5 Iconic London Album Cover Locations
Whether you are a fan of music, art, or culture in general, you know an iconic album cover when you see it. You don’t need to know one song or even one note from the album, but you recognize the album cover.
When I was young I would stare at my father’s record collection, I would play the album, and study the artwork and liner notes. They both went hand in hand for me. As time went on I was obsessed with finding where the original album covers originated.
When considering iconic album covers, at least for me, London is the mecca of locations. During a recent trip to London, I managed to find a few. I couldn’t get to a few of the other iconic album cover locations, but that just gives me an excuse to go back to London.
Here are 5 Iconic London Album Cover Locations:
The Clash - “The Clash” - Camden Market
As a kid, The Clash defined punk, London, and rebellion to me. Their iconic first album didn’t need an album title, it just WAS. Politically and socially charged anthems such as “White Riot”, and “I’m So Bored with the USA” took no prisoners. The rehearsal space is gone, but from what I recall there is a shop with Doc Martnens that now inhabit where The Clash did their thing. If you are into revisiting iconic London album cover locations, add this to your list.
2. David Bowie - “Ziggy Stardust” - 23 Heddon St
A David Bowie landmark is a must-do. The Rise and Fall of Ziggy Stardust & the Spiders from Mars album is at the top of that list. The album cover has Bowie stepping out into the cool 70’s London night. Now it’s more of a posh street with an outdoor eatery vibe. However a plaque commemorates this sacred rock n’ roll location.
3. The Beatles - “Abbey Road” - 3 Abbey Road
I had the fortune of visiting Abbey Road twice. The first time I was working with YouTube in London for the YouTube Music Awards. The party was held in Abbey Road Studios. I played the piano Lady Madonna was written on. My second trip was just a trip to the outside and of course the famous Abbey Road crosswalk. I recall taking a very dangerous 2am post-party version of this photo as well. It’s generally always being crossed for photos, and in a somewhat high traffic area. However, as you can imagine, that doesn’t stop anyone from taking their version of Abbey Road.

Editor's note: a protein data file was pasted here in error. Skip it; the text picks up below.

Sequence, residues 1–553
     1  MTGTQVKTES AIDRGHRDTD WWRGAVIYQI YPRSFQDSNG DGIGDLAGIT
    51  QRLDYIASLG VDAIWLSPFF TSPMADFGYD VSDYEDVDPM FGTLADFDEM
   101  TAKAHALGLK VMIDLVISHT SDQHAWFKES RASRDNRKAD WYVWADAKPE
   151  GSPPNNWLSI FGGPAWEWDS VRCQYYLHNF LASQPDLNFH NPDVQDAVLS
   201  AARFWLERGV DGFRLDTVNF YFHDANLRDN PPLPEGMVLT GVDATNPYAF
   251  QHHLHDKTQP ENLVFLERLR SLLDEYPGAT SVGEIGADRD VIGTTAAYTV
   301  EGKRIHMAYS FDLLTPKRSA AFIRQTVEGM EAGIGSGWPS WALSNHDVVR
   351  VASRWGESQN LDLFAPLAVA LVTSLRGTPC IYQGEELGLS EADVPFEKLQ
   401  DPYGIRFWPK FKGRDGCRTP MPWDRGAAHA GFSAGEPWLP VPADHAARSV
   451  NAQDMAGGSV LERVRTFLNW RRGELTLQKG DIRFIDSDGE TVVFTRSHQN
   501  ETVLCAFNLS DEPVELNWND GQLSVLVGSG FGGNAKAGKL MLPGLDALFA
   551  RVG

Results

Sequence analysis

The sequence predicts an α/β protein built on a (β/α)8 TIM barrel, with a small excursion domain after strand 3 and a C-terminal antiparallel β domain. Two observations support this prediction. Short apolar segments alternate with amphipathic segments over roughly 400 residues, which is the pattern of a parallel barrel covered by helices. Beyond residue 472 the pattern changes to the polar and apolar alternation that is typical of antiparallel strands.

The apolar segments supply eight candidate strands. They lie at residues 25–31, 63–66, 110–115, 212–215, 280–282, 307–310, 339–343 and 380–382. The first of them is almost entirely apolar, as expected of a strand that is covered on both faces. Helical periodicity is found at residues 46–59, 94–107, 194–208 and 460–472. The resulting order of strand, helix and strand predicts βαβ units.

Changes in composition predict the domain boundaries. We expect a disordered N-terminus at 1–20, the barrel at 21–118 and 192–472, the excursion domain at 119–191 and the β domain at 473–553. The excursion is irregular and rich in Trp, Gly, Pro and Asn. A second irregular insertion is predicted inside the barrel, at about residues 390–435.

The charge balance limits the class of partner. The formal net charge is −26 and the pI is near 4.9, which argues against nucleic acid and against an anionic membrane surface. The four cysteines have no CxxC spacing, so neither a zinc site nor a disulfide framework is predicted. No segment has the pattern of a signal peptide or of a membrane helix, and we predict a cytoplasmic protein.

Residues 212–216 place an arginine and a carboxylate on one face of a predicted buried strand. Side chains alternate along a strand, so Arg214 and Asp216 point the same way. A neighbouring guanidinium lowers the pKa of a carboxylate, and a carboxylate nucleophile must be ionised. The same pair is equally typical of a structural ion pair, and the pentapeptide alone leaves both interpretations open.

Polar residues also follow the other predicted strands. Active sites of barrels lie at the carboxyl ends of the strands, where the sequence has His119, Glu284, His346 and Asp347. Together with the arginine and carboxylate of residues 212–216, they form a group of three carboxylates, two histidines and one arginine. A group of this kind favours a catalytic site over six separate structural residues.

4. Oasis - “What's The Story (Morning Glory)?” - Berwick St, Soho
Oasis really defined and solidified the 1990’s for me, and this album especially. I didn’t have time to fit this one into my schedule, but on my next trip to London, I will make the time to visit this very iconic album cover location.
5. Morrissey - “Under The Influence” - The Grave Maurice Pub, Whitechapel
Last, but certainly not least, a Morrissey related location. Another one I did not have time for unfortunately. A lot of The Smiths/Morrissey locations are not in London, but this one will be on my list even though the Grave Maurice is closed.
According to closedpubs.co.uk, ”In the 1960's the Kray Twins were regulars here and in 2003 the a picture of the Grave Maurice was featured on the cover of Under the Influence, a compilation album of tracks put together by Morrissey. Although it has now closed and has been turned into a Paddy Power betting shop the words "Grave Maurice Rebuilt 1874" are stiil engraved on the first floor wall.”
If you are familiar with Morrissey’s The Last of the Famous International Playboys”, he makes reference to the Krays.
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